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Sunday, October 09, 2005

Designing Testable User Interfaces

One of the biggest challenges in software development is creating graphical user interfaces that are easy to test. For small teams especially, having the ability to automate tests that interact with the GUI can save a great deal of manual testing effort.

Conventional wisdom suggests that to test a GUI application, you should test below the interface itself, and design an application that has a very thin UI shell. But how would you test even a simple Scribble application that let you draw on the screen?

One approach would be to design the application to support scripting. In effect you create a protocol for the presentation layer than can be driven by automation. This is the approach that testing tools for Web applications take, since HTTP and HTML offer a well-defined protocol for both taking actions and rendering the results.

So for our Scribble application, we need to be able to draw on the screen, and test to see if what we drew actually appears. The protocol could be as simple as a way to plot a point, and a way to test if a point on the screen is plotted. And maybe a way to save and load the image.

- Plot point x, y
- Test point x, y
- Save as file
- Load file

With these simple primitives, we can now write automated acceptance tests for our Scribble application. We can test existing images to verify that what we know is in the file will be displayed properly in Scribble. We can draw to the edges and see if anything breaks. Most importantly, we can develop a suite of tests that can be run automatically whenever Scribble is updated in the future.

By thinking about how to design our user interfaces to be testable, we also allow them to be useful outside of their original intended purpose. Even our simple Scribble application could be controlled from a statistical package that doesn't have it's own drawing features to do some simple charting.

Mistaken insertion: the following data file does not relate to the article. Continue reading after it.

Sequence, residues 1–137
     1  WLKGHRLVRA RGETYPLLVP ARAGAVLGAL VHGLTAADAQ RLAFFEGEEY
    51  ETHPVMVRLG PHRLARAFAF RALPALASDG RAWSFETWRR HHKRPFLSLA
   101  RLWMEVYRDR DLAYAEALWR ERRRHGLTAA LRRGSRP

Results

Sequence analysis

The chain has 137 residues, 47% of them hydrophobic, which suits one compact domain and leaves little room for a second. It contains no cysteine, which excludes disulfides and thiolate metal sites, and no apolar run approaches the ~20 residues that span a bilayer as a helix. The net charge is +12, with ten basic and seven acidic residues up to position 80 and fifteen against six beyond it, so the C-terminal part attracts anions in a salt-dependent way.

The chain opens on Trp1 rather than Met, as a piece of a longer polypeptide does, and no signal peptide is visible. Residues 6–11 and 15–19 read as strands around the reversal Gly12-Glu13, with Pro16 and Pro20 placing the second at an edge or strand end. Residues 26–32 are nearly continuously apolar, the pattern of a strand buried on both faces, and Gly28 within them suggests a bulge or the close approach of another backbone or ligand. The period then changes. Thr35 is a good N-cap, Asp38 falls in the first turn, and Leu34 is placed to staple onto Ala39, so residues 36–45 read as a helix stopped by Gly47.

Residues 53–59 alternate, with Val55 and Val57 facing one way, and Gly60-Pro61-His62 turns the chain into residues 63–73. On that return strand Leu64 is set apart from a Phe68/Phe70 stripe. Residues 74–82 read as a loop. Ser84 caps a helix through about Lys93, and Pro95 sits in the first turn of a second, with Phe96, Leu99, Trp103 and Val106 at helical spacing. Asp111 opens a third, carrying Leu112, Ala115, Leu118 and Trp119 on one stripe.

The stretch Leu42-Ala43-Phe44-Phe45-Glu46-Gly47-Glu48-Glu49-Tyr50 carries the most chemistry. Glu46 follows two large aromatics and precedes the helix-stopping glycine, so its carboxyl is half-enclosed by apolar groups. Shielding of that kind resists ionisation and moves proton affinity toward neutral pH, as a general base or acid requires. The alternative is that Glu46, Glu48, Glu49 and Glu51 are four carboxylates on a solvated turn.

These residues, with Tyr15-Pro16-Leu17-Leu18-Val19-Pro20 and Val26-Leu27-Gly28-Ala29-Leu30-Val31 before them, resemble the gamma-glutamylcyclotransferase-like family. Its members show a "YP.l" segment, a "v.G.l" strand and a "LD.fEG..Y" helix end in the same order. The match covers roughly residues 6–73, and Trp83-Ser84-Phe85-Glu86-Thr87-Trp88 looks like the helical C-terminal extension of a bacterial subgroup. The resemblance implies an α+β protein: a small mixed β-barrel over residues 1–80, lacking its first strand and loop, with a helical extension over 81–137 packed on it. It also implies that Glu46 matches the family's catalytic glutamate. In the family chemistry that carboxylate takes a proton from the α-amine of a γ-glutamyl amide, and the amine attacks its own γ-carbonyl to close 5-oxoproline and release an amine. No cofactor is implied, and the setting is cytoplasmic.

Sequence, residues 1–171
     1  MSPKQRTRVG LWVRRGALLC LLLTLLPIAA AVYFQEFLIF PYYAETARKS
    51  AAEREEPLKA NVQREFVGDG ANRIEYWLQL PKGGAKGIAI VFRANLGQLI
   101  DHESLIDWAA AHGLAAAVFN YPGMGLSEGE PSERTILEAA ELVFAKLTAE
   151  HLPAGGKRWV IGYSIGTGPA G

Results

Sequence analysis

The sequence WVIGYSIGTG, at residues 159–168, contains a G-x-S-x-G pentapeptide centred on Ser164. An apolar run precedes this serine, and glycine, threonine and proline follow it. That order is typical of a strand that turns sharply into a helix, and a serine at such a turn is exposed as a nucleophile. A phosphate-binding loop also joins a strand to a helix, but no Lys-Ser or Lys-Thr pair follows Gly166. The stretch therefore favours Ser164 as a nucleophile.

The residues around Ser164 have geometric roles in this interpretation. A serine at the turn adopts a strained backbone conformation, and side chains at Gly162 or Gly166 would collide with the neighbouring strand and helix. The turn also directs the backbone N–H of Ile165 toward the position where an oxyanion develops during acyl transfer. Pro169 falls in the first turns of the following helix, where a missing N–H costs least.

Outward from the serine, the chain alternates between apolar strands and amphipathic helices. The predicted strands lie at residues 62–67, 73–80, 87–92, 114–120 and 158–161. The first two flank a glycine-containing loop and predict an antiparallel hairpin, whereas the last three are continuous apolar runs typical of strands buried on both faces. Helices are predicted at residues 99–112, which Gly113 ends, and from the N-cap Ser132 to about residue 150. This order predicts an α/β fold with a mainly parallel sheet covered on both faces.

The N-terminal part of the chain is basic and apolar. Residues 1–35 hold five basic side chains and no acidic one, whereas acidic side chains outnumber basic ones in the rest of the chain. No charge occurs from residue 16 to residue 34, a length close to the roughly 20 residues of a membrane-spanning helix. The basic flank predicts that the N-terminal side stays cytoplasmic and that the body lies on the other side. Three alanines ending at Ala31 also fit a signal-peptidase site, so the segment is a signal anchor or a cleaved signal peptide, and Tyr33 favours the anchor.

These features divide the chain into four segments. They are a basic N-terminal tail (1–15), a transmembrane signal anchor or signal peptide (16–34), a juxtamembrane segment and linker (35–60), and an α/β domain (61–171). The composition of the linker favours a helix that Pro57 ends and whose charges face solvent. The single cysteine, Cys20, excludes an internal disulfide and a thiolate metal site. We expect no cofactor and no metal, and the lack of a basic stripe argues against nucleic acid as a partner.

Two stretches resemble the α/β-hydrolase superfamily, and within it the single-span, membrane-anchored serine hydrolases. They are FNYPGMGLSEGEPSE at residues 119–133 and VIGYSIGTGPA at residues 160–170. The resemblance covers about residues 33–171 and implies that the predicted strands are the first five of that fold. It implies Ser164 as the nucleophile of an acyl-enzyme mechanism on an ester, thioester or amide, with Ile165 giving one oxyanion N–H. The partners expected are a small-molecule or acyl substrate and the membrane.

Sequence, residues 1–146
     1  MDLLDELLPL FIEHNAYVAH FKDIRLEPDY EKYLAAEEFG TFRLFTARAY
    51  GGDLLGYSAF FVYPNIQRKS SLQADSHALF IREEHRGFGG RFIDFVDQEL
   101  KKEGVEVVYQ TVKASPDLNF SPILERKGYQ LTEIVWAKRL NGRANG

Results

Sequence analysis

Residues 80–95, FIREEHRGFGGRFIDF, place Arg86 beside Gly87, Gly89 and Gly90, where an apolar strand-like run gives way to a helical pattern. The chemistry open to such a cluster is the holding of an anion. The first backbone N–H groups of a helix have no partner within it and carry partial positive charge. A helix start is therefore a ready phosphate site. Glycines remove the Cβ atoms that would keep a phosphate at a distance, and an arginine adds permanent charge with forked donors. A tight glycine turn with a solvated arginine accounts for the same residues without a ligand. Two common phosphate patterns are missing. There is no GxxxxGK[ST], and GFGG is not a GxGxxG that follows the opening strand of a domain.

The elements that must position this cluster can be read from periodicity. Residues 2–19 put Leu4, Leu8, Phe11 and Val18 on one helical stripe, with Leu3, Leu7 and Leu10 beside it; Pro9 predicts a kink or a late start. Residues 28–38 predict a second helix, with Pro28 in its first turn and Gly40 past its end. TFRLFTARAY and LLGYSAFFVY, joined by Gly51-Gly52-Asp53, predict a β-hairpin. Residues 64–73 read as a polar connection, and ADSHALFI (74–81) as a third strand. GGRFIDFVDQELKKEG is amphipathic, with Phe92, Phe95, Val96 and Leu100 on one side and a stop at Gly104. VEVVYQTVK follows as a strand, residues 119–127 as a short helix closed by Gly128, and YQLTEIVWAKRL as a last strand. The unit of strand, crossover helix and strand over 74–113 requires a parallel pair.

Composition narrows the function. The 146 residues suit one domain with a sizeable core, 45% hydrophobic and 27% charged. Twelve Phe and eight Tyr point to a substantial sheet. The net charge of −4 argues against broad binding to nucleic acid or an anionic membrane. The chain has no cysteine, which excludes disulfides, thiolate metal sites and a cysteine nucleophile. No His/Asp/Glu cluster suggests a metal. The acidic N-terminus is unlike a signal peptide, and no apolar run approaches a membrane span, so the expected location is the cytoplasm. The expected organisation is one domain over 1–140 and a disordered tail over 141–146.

So make your user interfaces scriptable, and reap the benefits for testing now, and maybe something even more interesting later.

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  • I have found another method to be useful as well. I can make a fully testable interface with very little change to the way you do things.

    What I do is make an Interface which encompasses everything a human user would do. For instance, suppose I have a form MainForm, and I want to check that when you click the Increment button, the amount goes up by one - I end up with this:

    class MainFormTests
    public void TestIncrement()
    MainFormTester form = StartMainForm();
    int oldValue = Convert.ToInt32(form.DisplayedAmount);
    Assert.AreEqual( oldValue + 1, Convert.ToInt32(form.DisplayedAmount),
    "Check the value has been incremented");

    So I make an interface, MainFormTester which encompasses the things that a user can do - ie "looking at stuff" and "clicking stuff" and "typing stuff"

    public interface MainFormTester
    string DisplayedAmount {get;}
    void ClickIncrement();

    The key point is, and what makes it a completely valid test is that when you increment this interface, you only increment it at a level external to your internal processing - when you read values, you read them from the control's text properties - when you perform actions, you perform them on the controls, not call the internal functions that occur.

    string MainFormTester.DisplayedAmount
    { get {return _amount.Text;}}

    void ClickIncrement()

    I tried the scripting approach for a few years, but found that it was very open to issues like timing problems - you end up spending a lot of time just debugging the tests. I came up with this "Interfaced User" method to fix a lot of the problems I was having, and found that it's both incredibly simple to implement, and absolutely rock solid.

    By Blogger Darren Oakey, at 7:48 AM  

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